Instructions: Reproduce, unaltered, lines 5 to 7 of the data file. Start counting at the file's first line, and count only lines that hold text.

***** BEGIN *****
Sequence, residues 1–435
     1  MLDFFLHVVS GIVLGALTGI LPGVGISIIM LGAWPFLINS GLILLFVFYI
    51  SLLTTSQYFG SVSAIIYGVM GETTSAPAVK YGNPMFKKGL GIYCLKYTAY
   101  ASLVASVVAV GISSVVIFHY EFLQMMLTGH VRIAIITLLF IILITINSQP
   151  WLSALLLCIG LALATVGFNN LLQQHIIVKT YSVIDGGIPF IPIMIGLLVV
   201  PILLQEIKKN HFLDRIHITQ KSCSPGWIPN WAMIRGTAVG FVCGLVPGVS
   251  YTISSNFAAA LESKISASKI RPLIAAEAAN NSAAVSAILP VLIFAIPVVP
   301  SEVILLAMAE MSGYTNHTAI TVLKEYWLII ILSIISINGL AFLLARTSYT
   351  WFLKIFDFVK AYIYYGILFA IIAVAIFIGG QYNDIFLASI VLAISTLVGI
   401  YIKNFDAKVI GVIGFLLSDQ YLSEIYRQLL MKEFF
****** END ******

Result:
   151  WLSALLLCIG LALATVGFNN LLQQHIIVKT YSVIDGGIPF IPIMIGLLVV
   201  PILLQEIKKN HFLDRIHITQ KSCSPGWIPN WAMIRGTAVG FVCGLVPGVS
   251  YTISSNFAAA LESKISASKI RPLIAAEAAN NSAAVSAILP VLIFAIPVVP